According to the mayor’s budget, fiscal year 2012 had a beginning fund balance of $8.77 million in the general fund. In 2013, there was a beginning fund balance of $8.15 million. Next year has a budget of $7.97 million in its beginning fund balance and an expected ending fund balance of $7.55 million. This is compared with general fund expenditures that have risen by almost $5 million since 2012.
October 22, 2013
NEW — 2:45 p.m. Oct. 22, 2013
Voters will ultimately decide the fate of Issaquah’s plastic bag ban.
In a unanimous decision, the City Council approved a resolution to hold a special election Feb. 11 to ask voters whether a ban on plastic bags should continue.
“Over 60 percent of the citizens that contacted me were in favor of that ordinance,” Councilman Paul Winterstein said, defending his vote in favor of the original ban. “And I followed that duly and I take that very seriously. But we’re also a city of laws. I’m in favor of putting it in front of a vote, and I can accept whatever outcome that comes.”
October 15, 2013
Mayor Ava Frisinger presented her final budget proposal, which includes $98.3 million in budgeted expenditures, to the City Council Oct. 7.
It includes adding a new human services manager and a police officer, increasing funding for “sustainable” efforts and $55,000 for a feasibility study into a campus to consolidate the locations of city services.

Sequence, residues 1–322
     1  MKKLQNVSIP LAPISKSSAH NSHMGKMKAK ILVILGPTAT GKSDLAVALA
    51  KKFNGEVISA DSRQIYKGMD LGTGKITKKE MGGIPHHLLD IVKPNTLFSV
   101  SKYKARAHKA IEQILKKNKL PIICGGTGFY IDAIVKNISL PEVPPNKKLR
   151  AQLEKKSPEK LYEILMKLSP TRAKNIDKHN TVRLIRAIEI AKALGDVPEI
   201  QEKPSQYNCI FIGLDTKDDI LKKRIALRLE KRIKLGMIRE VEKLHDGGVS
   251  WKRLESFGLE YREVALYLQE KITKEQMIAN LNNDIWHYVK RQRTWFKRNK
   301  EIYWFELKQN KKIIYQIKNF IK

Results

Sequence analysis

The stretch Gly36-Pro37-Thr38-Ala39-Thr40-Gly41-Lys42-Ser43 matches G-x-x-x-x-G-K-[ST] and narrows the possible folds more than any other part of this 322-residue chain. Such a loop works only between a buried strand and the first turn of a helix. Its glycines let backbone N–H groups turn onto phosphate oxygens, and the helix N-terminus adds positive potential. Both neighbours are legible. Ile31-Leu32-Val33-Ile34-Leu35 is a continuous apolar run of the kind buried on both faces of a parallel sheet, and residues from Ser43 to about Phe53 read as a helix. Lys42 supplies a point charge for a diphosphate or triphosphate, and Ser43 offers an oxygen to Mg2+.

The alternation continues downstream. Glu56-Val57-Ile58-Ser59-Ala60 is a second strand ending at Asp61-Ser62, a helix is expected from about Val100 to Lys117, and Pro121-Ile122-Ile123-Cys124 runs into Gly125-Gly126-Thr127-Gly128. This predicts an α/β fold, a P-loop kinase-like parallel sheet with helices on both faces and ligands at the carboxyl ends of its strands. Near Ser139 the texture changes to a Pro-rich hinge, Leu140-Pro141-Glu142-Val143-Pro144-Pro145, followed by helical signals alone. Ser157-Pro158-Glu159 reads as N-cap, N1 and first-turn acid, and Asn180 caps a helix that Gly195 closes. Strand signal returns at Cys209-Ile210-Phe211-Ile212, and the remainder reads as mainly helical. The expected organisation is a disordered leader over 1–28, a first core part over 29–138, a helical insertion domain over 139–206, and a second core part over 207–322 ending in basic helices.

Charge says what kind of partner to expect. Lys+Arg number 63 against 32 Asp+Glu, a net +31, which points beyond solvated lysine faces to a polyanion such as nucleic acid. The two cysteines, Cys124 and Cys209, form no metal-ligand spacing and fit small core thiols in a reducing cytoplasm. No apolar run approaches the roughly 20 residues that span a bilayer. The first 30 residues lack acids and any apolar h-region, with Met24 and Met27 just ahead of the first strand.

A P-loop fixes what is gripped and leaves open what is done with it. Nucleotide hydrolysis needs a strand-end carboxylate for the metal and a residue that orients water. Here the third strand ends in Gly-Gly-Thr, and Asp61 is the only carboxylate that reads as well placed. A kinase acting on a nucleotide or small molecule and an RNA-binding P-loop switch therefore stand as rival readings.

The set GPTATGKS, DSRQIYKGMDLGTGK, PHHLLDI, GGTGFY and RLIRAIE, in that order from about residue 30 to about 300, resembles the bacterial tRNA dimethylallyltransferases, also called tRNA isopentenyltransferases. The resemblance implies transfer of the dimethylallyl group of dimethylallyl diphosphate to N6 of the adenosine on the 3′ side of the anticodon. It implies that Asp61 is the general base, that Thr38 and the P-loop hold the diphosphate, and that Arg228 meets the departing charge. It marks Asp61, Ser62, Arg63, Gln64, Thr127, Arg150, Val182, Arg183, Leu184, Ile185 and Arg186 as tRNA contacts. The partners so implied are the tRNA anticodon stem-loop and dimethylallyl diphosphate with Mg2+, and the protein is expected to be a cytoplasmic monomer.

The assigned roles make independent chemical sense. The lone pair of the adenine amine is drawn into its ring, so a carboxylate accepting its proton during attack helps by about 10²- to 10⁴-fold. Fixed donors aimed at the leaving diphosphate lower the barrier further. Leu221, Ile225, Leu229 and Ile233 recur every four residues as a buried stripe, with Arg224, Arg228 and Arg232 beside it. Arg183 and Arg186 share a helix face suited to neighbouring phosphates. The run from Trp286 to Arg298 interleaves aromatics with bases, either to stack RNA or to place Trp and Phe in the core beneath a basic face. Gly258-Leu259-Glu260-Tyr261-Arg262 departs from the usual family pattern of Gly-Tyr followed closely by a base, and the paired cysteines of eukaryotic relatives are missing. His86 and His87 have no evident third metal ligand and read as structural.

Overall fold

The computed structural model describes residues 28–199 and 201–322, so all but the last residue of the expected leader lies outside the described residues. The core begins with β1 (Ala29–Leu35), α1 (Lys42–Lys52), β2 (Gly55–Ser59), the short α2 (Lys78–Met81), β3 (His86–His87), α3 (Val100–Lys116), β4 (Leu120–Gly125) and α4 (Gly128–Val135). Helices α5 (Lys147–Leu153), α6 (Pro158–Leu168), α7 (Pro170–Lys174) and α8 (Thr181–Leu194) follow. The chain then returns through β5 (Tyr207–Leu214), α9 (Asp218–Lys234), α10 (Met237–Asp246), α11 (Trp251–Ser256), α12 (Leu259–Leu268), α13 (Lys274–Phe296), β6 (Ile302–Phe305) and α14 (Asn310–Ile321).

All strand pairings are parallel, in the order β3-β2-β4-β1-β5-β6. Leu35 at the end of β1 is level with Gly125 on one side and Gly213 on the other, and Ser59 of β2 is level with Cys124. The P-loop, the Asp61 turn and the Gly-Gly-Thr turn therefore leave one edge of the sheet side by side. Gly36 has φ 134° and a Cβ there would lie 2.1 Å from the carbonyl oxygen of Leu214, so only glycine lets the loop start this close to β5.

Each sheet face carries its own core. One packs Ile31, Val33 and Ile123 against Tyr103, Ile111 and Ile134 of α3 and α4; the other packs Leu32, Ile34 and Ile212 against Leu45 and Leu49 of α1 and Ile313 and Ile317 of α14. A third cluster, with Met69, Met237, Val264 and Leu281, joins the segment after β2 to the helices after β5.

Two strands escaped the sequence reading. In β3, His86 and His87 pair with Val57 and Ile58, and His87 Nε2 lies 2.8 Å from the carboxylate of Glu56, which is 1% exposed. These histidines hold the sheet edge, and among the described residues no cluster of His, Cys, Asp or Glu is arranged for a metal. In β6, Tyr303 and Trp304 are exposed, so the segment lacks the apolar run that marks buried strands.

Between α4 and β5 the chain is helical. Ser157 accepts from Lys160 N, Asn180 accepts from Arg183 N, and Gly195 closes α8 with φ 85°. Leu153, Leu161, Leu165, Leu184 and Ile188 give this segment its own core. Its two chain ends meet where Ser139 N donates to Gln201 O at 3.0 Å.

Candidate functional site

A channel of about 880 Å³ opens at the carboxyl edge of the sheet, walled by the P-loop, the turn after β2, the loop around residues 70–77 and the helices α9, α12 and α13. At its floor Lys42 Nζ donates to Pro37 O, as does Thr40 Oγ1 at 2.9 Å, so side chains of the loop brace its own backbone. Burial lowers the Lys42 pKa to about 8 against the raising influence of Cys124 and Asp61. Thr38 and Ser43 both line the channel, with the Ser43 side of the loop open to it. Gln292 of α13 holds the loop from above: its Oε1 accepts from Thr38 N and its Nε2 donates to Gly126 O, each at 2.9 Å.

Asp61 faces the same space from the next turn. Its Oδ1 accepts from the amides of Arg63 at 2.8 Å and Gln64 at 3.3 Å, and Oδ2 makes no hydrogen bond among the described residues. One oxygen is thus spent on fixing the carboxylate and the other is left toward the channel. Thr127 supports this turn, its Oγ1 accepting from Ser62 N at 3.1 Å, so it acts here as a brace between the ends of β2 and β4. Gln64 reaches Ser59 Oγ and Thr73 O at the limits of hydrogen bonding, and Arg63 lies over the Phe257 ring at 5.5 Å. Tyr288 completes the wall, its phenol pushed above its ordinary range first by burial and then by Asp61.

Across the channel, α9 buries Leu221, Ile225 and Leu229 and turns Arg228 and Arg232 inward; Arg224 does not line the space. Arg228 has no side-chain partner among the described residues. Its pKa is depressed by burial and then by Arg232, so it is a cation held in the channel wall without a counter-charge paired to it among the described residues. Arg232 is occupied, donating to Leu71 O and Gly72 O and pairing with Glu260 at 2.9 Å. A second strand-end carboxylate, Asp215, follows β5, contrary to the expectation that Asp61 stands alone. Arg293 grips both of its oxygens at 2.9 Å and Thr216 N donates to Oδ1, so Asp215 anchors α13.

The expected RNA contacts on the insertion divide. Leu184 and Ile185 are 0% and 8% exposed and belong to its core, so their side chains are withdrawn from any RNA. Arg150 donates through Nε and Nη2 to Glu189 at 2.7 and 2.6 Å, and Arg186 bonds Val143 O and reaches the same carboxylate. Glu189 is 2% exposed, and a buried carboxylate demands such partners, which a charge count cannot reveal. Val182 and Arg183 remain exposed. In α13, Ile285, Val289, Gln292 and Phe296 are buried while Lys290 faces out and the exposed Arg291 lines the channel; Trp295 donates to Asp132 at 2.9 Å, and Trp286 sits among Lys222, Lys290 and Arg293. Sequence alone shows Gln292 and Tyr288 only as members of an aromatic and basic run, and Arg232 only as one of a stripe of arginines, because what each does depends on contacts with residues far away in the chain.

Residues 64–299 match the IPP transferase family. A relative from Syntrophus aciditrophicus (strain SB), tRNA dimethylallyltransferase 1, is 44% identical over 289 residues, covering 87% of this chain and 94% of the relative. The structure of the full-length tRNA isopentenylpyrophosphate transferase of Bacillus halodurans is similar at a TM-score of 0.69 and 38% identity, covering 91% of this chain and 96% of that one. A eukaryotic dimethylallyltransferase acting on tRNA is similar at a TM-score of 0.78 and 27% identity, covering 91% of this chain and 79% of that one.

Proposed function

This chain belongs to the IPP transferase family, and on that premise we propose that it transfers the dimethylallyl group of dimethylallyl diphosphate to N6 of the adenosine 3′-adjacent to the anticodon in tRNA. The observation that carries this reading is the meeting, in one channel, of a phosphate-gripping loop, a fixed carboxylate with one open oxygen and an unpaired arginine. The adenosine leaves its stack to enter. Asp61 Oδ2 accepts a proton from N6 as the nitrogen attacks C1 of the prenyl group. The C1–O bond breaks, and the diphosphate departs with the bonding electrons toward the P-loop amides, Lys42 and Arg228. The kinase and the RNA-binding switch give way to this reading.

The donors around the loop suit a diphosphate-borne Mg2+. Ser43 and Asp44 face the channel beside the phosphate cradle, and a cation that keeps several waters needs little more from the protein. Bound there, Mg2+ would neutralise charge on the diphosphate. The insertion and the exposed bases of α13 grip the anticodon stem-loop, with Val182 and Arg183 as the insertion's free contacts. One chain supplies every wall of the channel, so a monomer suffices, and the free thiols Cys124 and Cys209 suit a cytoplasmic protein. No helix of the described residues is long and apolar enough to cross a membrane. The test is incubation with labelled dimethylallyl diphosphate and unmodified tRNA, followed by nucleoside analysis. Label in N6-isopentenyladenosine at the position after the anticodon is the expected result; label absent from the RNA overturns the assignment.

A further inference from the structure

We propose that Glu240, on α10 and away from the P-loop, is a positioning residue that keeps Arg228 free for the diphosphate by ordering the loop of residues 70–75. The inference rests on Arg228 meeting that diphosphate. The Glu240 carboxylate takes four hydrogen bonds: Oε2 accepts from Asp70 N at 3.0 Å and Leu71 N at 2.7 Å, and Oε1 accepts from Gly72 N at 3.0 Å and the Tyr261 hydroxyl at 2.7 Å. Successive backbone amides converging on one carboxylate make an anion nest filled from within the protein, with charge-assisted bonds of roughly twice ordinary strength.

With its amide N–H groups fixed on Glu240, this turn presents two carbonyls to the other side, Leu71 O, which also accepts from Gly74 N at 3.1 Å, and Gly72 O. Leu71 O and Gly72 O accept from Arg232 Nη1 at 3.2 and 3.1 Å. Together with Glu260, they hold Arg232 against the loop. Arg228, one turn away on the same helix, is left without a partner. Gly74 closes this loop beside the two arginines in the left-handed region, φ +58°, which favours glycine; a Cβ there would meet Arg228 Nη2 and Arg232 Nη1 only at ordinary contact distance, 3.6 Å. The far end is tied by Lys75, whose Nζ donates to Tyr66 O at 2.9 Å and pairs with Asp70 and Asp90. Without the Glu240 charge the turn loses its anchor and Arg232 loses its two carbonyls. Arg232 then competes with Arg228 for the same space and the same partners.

“I’m extremely proud to reflect on the last 16 years,” Frisinger told the council as she presented her budget to them. “Today, we’re planning for what’s next: a commitment to environmental protection, a strong economic base and a strong quality of life for our citizens.”
October 15, 2013
A $10 million bond to fund parks and recreation improvements is before city voters in the November election.
The proposed bond follows an intensive citizen process, which brought together a public commission to lead a public hearing and then offer recommendations to the Parks Board, which in turn led to City Council approval in July.
As it comes to voters when the ballots are mailed Oct. 16, the proposition clearly outlines how the money will be used.
October 8, 2013